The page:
Collaboration in Civic Spheres

CRS: U.S. Improper Payments At Least $688B Since ‘04

by Matt Rosenberg November 1st, 2013

Improper payments by U.S. government agencies were at least $115 billion in fiscal 2011 and $108 billion in 2012 but billions more may be misspent each year – under the radar of government watchdogs – according to a recent report from the non-partisan research arm of the U.S. Congress called the Congressional Research Service. The partial total has grown in dollar terms from $45 billion in 2004 to a cumulative $688 billion through last year. In percentage terms improper payments are now are at least 4.35 percent of U.S, government annual spending, equal to 2004 but down from a spike to 5.42 percent in 2009 and 5.29 percent in 2010.

From Improper Payments and Recovery Audits: Legislation, Implementation, and Analysis, Congressional Research Service, October, 2013

Definitions, Please
Improper payments are classified as those that shouldn’t have occurred or were for an inaccurate sum, including both over- and under-payments. They may have been made to recipients not eligible based on qualifications or lack of documentation; or for goods or services that were’t actually transmitted. They also include duplicate payments or ones that failed to factor in valid discounts.

Cashing Social Security Checks of Dead Relatives
One example of how improper payments occur is when the Social Security Administration is slow to verify the reported death of a beneficiary because the death notice comes from a “less accurate” source such as a post office, bank, the U.S. Department of Veterans Affairs, or Medicare/Medicaid. As it takes time – often years and years – to verify the reported death, SSA may continue to send checks to the decedent’s address. These may then be cashed by other individuals such as family members or caregivers. Public records show the problem is fairly endemic.

A Nationwide Problem
Four different Western Washington defendants pled guilty to Social Security fraud in the first half of this year stemming from payments they received on behalf of dead people.

A host of other such cases, specifically involving alleged or admitted theft of social security benefits intended for the deceased are also archived at the investigations section of the Web site of the U.S. Health and Human Services Department’s Office of the Inspector General. Going back only to May 1 of this year are cases involving charges, guilty pleas or convictions in Ohio (sentenced); Mississippi (guilty plea); New Mexico (charged); Washington, D.C. (sentenced); California (sentenced); Oregon (sentenced); (charged); Illinois (sentenced); Illinois (guilty plea); New York (guilty plea); New York (sentencing); Oregon (guilty plea); New Hampshire (guilty plea); and California – Deputy Riverside County Prosecutor (charged).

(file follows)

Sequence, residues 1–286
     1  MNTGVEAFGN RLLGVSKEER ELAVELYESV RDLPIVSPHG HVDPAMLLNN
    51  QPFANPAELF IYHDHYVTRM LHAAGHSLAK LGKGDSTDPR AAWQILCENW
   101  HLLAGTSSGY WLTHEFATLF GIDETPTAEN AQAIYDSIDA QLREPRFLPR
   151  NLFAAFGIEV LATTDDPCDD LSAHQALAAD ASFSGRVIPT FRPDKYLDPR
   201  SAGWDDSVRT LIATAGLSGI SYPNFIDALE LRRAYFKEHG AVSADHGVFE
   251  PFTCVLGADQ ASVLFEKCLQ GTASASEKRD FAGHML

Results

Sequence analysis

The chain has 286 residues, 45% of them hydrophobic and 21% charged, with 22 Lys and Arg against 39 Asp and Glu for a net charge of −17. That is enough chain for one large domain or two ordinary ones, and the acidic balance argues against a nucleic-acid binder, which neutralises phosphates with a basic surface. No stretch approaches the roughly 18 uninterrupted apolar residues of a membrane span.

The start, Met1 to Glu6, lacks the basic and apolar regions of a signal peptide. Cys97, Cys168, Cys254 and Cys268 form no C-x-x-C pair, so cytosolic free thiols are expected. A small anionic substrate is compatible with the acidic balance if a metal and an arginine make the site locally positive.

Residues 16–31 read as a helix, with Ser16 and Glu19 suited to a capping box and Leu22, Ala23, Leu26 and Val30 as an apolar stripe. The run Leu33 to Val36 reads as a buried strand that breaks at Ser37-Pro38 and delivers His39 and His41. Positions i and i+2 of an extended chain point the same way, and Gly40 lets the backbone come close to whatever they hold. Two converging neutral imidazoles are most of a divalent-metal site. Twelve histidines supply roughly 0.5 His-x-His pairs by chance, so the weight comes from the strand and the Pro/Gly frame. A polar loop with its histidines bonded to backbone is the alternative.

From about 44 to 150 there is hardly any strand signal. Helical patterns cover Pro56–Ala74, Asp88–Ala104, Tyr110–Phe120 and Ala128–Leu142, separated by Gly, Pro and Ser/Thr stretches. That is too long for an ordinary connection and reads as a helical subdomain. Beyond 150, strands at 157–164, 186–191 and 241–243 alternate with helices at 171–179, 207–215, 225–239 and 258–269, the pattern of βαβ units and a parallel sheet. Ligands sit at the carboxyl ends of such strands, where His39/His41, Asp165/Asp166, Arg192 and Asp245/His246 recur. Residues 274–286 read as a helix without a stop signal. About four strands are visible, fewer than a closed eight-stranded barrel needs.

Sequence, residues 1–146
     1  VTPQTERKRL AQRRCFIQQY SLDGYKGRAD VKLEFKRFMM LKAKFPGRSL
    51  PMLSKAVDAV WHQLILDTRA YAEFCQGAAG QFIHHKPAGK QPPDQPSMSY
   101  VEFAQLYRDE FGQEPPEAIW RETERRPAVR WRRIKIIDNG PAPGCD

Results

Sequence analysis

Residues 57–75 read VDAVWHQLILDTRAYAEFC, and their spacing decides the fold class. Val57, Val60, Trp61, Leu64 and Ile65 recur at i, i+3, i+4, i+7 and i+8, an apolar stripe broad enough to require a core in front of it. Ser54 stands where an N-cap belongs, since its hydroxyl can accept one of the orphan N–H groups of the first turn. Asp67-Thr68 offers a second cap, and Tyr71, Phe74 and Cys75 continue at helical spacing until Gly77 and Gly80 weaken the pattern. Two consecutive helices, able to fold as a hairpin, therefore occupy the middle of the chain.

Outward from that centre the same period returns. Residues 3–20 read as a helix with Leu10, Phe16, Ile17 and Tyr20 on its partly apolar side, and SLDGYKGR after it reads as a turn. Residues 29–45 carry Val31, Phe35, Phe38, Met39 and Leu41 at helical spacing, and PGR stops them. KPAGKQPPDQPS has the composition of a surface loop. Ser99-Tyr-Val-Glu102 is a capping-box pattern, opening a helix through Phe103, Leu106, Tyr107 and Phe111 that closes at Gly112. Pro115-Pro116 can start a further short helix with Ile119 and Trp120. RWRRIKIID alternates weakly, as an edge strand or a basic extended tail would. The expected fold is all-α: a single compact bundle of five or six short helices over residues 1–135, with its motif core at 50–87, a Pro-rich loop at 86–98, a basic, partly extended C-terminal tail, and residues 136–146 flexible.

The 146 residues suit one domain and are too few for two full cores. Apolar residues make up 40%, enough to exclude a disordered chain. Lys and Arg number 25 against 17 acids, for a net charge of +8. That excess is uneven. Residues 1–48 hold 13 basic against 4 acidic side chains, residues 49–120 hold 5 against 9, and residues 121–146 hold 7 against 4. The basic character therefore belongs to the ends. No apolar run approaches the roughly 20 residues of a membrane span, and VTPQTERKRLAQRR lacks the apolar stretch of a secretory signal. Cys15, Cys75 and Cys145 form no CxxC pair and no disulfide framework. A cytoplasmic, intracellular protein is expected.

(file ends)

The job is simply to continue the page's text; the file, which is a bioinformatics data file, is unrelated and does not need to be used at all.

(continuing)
HHS Central to the Improper Payments Problem
Improper payments tied to federal health care benefits figured in prominently to a detailed year-end 2012 report from the HHS Inspector General that the agency could save $23 billion per year if previously recommended reforms were implemented. And just today the HHS OIG reported on $29 million in improper Medicare Part D prescription drug benefit paid from 2009 through 201 to illegal residents, in violation of federal law.

So Too, Treasury’s Earned Income Tax Credit
Another prominent example: The Treasury Department’s Earned Income Tax Credit program has seen at least $100 billion in improper payments from federal fiscal years 2003-2011.

From paymentaccuracy.gov

The new CRS reports explains improper payments have mounted due partly to “…agencies’ failure to reduce substantially the error rates for risk-susceptible federal programs with multi-billion annual outlays. In some cases, error rates for these programs have actually increased over time. Moreover, the full extent of the improper payment problem is not known because agencies have yet to develop improper payment rates for some programs, including programs which (the U.S. Office of Management and Budget) estimates may have annual improper payments of $750 million annually.”

According to the Programs Not Reported section of the paymentaccuracy.gov transparency and reporting site now mandated by federal legislation, examples of non-reporting programs include HHS’s Children’s Health Insurance Program, the High Cost Program of the Universal Service Fund of the Federal Communications Commission, and Treasury’s Earned Income Tax Credit Program, which actually does report some improper payments but not nearly all that are thought to be likely. These three are developing plans to more accurately report their improper payments.

Public Data Ferret’s U.S. Government+Management archive

Other Culprits – Unemployment, Social Security, School Lunch Program
An interactive ascending/descending-rank table from paymentaccuracy.gov shows which agencies have the highest amounts of improper payments by dollar and as a percent of spending. On a percentage basis, the Earned Income Tax Credit had the highest rate of improper payments in 2012 at 22.7 percent, followed by the National School Lunch Program, Medicare Advantage Part C, Unemployment Insurance, and Social Security.

Key Fixes Seen
Recommended remedies include removing “statutory or regulatory barriers…to perform recovery audits,” and correcting poor information sharing between agencies on matters such as benefits eligibility, says the CRS report.


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